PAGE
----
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Prediction Of Crop Yields Across Four Climate Zones In Germany: An Artificial Neural Network Approach

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Author Info

  • Thomas Heinzow
  • Richard S.J. Tol

    ()
    (Economic and Social Research Institute, Dublin)

Abstract

This paper shows the ability of artificial neural network technology to be used for the approximation and prediction of crop yields at rural district and federal state scales in different climate zones based on reported daily weather data. The method may later be used to construct regional time series of agricultural output under climate change, based on the highly resolved output of the global circulation models and regional models. Three 30-year combined historical data sets of rural district yields (oats, spring barley and silage maize), daily temperatures (mean, maximum, dewpoint) and precipitation were constructed. They were used with artificial neural network technology to investigate, simulate and predict historical time series of crop yields in four climate zones of Germany. Final neural networks, trained with data sets of three climate zones and tested against an independent northern zone, have high predictive power (0.83

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File URL: http://www.fnu.zmaw.de/fileadmin/fnu-files/publication/working-papers/Working-Paper34.pdf
File Function: First version, 2003
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Bibliographic Info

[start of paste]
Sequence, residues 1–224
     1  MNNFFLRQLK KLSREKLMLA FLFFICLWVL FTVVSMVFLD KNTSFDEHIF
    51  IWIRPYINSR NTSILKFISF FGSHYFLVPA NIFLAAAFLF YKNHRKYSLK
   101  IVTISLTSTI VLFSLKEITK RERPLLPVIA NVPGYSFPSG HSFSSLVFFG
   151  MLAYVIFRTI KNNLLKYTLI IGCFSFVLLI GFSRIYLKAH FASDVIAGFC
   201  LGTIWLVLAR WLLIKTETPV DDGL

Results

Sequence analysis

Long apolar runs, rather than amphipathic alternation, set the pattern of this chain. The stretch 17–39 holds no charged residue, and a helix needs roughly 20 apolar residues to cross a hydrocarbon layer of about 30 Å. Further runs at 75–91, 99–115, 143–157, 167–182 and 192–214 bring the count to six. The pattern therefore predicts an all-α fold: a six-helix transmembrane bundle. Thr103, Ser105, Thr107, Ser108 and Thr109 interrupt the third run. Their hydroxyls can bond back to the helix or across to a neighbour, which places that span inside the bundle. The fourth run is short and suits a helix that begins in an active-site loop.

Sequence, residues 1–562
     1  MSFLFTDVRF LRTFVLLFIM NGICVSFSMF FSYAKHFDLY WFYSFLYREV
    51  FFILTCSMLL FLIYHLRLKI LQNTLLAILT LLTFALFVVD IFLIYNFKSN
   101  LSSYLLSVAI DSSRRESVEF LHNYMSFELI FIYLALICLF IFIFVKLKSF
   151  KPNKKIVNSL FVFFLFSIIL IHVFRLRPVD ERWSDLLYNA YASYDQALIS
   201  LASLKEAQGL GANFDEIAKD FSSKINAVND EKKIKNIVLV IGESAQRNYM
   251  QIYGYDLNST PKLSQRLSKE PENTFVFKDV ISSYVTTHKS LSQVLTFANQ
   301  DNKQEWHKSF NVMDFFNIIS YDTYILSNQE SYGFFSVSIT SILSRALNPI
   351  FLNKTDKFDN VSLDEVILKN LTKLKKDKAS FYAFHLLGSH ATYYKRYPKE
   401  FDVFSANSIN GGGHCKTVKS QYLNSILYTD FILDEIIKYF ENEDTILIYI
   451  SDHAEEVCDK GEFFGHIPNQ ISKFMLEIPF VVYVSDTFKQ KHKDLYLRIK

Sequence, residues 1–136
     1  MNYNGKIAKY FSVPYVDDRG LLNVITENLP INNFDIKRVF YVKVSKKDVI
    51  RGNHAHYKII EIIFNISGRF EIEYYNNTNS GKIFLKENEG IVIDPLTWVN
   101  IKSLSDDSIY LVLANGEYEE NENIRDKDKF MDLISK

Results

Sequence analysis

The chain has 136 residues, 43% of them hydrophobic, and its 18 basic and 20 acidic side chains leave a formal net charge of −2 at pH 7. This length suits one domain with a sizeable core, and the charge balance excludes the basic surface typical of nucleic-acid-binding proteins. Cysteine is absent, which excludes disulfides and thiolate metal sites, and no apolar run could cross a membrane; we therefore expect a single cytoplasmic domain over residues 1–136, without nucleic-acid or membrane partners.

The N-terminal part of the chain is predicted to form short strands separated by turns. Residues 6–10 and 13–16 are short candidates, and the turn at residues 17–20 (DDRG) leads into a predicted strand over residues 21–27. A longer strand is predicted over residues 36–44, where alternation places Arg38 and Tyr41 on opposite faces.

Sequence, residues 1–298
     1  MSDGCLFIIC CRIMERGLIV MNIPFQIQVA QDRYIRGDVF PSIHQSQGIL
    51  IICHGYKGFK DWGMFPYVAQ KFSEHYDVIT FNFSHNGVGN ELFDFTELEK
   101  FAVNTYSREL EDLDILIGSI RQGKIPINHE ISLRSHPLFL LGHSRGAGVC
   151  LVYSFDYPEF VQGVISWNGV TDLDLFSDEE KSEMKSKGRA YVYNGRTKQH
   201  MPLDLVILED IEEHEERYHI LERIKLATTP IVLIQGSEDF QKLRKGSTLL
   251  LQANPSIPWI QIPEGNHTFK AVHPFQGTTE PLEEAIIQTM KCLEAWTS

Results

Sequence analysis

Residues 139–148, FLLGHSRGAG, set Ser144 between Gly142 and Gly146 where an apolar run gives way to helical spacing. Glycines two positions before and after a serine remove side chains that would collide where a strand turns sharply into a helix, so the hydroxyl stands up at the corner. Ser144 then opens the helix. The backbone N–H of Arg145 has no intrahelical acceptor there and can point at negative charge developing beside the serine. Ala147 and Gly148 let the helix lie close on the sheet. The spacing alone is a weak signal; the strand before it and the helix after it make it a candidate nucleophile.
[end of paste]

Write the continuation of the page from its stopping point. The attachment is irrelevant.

Paper provided by Research unit Sustainability and Global Change, Hamburg University in its series Working Papers with number FNU-34.

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Length: 34 pages
Date of creation: Sep 2003
Date of revision: Sep 2003
Handle: RePEc:sgc:wpaper:34

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Related research

Keywords: global change; agriculture; artificial neural networks; yield prediction;

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Cited by:
  1. Richard S.J. Tol, 2006. "Integrated Assessment Modelling," Working Papers FNU-102, Research unit Sustainability and Global Change, Hamburg University, revised May 2006.
  2. Jacqueline M. Hamilton, 2005. "Coastal landscape and the hedonic price of accommodation," Working Papers FNU-91, Research unit Sustainability and Global Change, Hamburg University, revised Sep 2005.
  3. Rehdanz, Katrin & Tol, Richard S.J. & Wetzel, Patrick, 2006. "Ocean carbon sinks and international climate policy," Energy Policy, Elsevier, vol. 34(18), pages 3516-3526, December.

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